It is a truth universally acknowledged that a politician of some standing in today’s world will have a social network account. The number of followers a politician has on that account are in direct proportion to their popularity and acceptance among the general public. No wonder then that Prime Minister Narendra Modi, who was among the first Indian politicians to realize the power of social media and harness it, is the second most followed world leader on Twitter. The first is US President Donald Trump, in case you are wondering.
After President Ram Nath Kovind was sworn in on 25 July, news started doing the rounds that the new President had acquired more than 3 million followers on Twitter within hours of taking office. Screenshots of the Twitter account of Rashtrapati Bhavan, the official Twitter handle, were shared by mainstream TV news organizations which showed clearly that the account had 3.32 million followers, even though it itself followed only one other account; that of POI13, the archive of former President Pranab Mukherjee’s official account.
Twitter has been a phenomenon in India since 2012 but it really exhibited its power, at least politically and as a space where public mood could be gauged, only in the run-up to the 2014 election. By now, social networking platforms’ influence over public debate, policies and even elections is quite well established internationally. Hence the news that the new President had garnered such a big following within a few hours was meant to convey the extent of his popularity. Since Kovind has largely been a backstage figure in Indian politics, this enormous stamp of approval could also be interpreted as the approval of the National Democratic Alliance (NDA)’s presidential choice.
Except that there was one tiny hitch; and Alt News, an anti propaganda and fact-checking website, was quick to point it out. As it turns out, the new President had not garnered all these new followers, he had simply inherited them along with the handle. “Official twitter accounts of the President, VP, various ministries are considered digital assets that belong to the government," Alt News reported. While the tweets of the former presidency were archived, the new account, once a new occupant is in place, begins with zero tweets. It is a process that is followed by Twitter in the case of all its official accounts. Interestingly, the NDA and United Progressive Alliance (UPA) were left a little red-faced in 2014 when the latter archived the tweets of @pmoIndia and left the account open to public. A teenager from Lucknow was quick to grab the handle but Twitter got it back from him.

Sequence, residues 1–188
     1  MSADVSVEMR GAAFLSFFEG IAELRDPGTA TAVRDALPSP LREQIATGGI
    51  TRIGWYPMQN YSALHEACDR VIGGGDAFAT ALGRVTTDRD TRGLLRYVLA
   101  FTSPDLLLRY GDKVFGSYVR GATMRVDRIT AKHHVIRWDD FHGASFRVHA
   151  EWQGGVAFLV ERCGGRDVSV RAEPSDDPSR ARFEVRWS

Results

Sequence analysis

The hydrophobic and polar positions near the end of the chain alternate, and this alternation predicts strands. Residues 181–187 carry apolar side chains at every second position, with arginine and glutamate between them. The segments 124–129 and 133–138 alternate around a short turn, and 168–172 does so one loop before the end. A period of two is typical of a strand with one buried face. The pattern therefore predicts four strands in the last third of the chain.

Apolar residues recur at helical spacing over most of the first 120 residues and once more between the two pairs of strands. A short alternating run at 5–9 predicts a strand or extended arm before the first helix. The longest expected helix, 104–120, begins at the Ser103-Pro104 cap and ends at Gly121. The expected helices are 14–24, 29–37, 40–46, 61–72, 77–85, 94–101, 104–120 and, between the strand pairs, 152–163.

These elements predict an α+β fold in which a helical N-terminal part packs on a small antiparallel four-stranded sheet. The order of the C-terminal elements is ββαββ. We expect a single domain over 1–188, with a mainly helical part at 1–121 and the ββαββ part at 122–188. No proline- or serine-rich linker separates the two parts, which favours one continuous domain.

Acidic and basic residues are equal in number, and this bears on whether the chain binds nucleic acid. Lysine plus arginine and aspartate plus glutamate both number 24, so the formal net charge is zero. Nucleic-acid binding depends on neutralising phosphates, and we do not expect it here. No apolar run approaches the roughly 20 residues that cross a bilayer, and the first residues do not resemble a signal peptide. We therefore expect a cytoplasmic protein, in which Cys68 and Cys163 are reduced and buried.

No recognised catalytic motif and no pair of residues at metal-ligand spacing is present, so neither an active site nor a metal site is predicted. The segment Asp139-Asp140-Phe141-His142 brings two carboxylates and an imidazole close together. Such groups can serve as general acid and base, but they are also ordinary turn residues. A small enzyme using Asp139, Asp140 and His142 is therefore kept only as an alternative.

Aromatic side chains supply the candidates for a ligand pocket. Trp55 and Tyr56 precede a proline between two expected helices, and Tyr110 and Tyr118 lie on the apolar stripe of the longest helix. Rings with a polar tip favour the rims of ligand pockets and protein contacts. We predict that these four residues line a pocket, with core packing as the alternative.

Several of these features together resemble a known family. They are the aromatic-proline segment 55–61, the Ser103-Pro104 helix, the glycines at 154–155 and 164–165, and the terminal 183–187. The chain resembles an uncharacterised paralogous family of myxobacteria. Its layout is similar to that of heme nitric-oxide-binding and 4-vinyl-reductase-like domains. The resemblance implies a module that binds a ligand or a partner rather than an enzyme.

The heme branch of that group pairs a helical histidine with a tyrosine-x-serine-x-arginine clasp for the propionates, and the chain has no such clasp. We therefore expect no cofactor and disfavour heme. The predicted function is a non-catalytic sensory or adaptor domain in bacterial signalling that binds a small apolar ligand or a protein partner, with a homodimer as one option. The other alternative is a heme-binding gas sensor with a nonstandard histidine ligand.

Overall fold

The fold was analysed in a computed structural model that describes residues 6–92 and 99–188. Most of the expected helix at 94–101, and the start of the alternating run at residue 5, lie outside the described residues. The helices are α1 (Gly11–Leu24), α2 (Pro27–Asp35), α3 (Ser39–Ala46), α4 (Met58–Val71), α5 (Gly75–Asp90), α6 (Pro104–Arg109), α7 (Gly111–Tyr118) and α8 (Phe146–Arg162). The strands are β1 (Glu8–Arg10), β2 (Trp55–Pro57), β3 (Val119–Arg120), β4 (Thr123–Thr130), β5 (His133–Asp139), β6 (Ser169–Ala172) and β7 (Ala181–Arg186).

“The more interesting story in all of this was the archiving of the 13th President’s Twitter account. It is next to impossible to get so many followers in the matter of a few hours," says B.G. Mahesh, one of the members of PM Modi’s digital campaign in the run-up to the 2014 general elections. “In India it is important for a politician to have a social media presence but a sizable chunk of the population still consumes news through traditional sources and as such vigilance on their part is also equally important," he said, referring to news reports about the followers. A social networking account in this day and age serves to make the politician and the office he/she holds more open to the public, leading to some direct intervention and changes. However, it can also lead to some embarrassing moments, or several, almost every week as US President Donald Trump demonstrates.
The office of the President may largely be a symbolic one in India but interaction with the public is still important, which is why the 13th Presidency of India started an account. “President Mukherjee leveraged Twitter extensively to make it easier for citizens to stay connected with Rashtrapati Bhavan…his handle is being archived now. This tradition ensures that…the people of India will benefit from continued real time engagement with his successor," said Omita Paul, secretary to the president, in a statement released by Twitter India. If only the enthusiastic news managers at TV stations would take time to understand the process.